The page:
There doesn't seem to be room for either of these things in the model you're presenting.

I get that you're well-intentioned in the advice you're offering, but I think you're not seeing the entire picture.

Project Manager

Cori Marie wrote:
I don't put makeup on to make my eyes attractive. I love my eyes. I put makeup on them to DRAW the eye to them, to make people notice how pretty they are. Do I get compliments on my eyes when I don't put on makeup? Yes. Do I get them in surplus when I do? Even more so. I don't use makeup to cover up my own beauty, but to accentuate it.

This.

Paizo Employee Editor

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KSF wrote:
Lots of good points.

+1

Playing with your appearance can be just that—play. I've been slowly amassing white hairs since I turned 18, and I finally have enough that I was able to do something fun with them: 50-50 mix of conditioner and lurid hair dye, and all of the white hairs turn into streaks of bright color. Easy to maintain, washes out fast if necessary, and avoids the damage that bleaching would cause (the rest of my hair's pretty dark, so bleaching would otherwise be needful to make dye show up).

I don't mind my white hairs—many were hard-won during Gen Con crunches! I just like having an opportunity to experiment. And as a spinner, fiber is fiber to me: a playground for color.


Fortunately, I take no offense at being misunderstood, and am fully aware that the fault lies in my inability to make a clear point, thank you.


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Freehold DM wrote:
Cori Marie wrote:
Never cut your hair or beard either...
but... in order for my black manliness to work, I need to be bald and have a chin patch! I can't do the Fred Williamson fro and stache, I'd look ridiculously outdated!!

Speaking about ridiculously outdated, I grew a handlebar moustache a couple of years ago (which wasn't too hard to maintain - no Afro, though - wrong genes :) ) for that sought-after Lemmy stroke General Gordon look.

And doesn't that conjure up a lovely image...

Project Manager

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The problem, Terquem, is that in saying what I believe you're trying to say -- which is that no one should feel forced to wear makeup to conform to societal expectations for what women are supposed to look like (which I think we can all agree with) -- you're assuming a lot of facts not in evidence about why women wear makeup, and what we get out of it, and the way you chose to phrase your opposition (women are "pretend[ing they are] something [they are] not") implies dishonesty. (Perhaps you don't believe dishonesty is morally wrong, in which case sorry, I did make an assumption there.) It also sounds like you're laying down prescriptive behavior: women shouldn't wear makeup.

Quote:
But there are people who reject these cultural norms, monks, nuns, and others who decide that how they appear is not important. Some do it for deeply religious reasons, others out of fear of society.

I'm unclear as to where anyone's said that that's not okay. But it's also not okay to tell everyone that they should be dressing like monks or nuns, or they're doing something wrong.

I'm saying how we choose to present ourselves, whether it's eschewing makeup and ornamentation, or embracing it, is a valid choice, and that how we choose to present ourselves says a lot more about who we are than physical features our DNA happened to combine to provide to us.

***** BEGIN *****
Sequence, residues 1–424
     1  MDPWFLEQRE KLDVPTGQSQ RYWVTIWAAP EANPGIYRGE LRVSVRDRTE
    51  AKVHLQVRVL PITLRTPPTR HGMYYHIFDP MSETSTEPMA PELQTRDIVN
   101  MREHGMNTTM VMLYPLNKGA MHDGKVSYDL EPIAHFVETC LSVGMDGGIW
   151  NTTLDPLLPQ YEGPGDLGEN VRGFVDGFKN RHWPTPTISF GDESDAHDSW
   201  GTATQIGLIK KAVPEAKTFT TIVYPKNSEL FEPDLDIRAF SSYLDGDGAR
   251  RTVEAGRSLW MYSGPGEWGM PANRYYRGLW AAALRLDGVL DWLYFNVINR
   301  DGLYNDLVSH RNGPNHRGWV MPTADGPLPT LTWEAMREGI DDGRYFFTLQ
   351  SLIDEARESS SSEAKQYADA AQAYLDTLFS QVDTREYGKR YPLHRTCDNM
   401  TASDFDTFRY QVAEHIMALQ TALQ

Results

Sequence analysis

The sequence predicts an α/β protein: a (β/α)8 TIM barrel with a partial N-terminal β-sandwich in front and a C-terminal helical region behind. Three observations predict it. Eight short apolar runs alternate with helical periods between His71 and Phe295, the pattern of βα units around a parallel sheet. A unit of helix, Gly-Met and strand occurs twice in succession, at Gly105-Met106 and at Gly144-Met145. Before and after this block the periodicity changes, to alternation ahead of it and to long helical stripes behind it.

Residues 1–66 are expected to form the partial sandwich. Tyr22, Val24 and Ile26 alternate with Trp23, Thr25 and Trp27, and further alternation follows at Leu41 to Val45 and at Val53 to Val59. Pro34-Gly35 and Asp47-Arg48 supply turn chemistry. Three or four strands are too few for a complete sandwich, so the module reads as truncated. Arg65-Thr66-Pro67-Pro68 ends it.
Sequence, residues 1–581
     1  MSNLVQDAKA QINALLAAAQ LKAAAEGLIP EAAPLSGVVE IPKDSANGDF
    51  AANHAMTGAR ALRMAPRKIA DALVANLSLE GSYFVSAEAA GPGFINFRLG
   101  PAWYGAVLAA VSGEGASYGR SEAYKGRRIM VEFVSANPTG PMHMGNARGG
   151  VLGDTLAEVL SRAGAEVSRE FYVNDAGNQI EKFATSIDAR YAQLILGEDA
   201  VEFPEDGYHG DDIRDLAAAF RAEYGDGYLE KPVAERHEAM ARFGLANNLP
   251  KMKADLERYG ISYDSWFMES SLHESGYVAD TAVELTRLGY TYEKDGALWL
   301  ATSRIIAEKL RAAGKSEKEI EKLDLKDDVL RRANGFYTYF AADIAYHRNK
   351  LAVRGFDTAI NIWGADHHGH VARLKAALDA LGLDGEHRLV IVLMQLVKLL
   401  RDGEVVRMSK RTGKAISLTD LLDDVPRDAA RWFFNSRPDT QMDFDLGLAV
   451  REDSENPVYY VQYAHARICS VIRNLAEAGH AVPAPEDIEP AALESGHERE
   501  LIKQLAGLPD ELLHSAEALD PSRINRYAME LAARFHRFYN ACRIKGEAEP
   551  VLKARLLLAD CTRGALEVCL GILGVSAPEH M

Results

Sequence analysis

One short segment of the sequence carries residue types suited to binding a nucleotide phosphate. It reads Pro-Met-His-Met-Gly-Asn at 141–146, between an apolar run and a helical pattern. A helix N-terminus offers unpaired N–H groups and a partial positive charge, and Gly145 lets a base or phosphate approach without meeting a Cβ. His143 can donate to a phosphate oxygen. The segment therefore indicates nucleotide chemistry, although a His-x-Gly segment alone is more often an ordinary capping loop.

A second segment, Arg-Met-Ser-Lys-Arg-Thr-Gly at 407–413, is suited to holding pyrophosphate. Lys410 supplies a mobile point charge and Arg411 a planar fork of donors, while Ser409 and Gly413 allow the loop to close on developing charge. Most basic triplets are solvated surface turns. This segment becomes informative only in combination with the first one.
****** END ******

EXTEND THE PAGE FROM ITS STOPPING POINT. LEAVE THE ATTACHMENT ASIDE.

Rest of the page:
I can't speak to what Bob wants, and am not going to try. I can, however, say that for a lot of people, looking traditionally feminine is something they enjoy doing at least some of the time. And it's not because they feel they're being forced to -- it's because it's an aesthetic they like and they enjoy exercising the talent to be good at it, much as some people enjoy doing a retro look, etc.


Ms Price
I believe I was clear when I said, I kind of wish women did not wear makeup*. When a woman wears makeup,in my eyes, she is simply making an effort to pretend she is something she is not.

I would prefer that women did not wear makeup, does not imply, I feel, that I hold the position that women should not wear makeup.

And, I cannot engage in a discussion of the moral implications of dishonesty, other than to say that "pretending" to be something you are not, is in my opinion, as an act in and of itself, not morally wrong, and there must be motivation to deceive for the purpose of causing harm for any kind of act of "pretending" or deceit to, in my opinion, be morally wrong.

It is too weighty a subject for me to talk about with any confidence, and I will only make my case less clear by trying, thank you.

Your position is not one I disagree with, not in the least part. I feel, like you, strongly, that it is every person’s choice to present themselves as they desire. I will have nothing further to say on this subject and I am thankful for your kindness and patience with my limited abilities to communicate my thoughts.

*My mistake in not knowing that makeup is in fact one word


Freehold DM wrote:
Kajehase wrote:
I really wish the 'fro and 'stache combo would make a comeback among black men. Such a cooler look than what's in right now.
lets see YOU maintain one ofthose things. They went out of style because theywere just too difficult to manage-a real drain on time. Although I do miss combing my face...I loved the Cleveland show episode where they showed his comically large moustache and beard grooming set complete with ruler. .. made me think of my dad back in the day.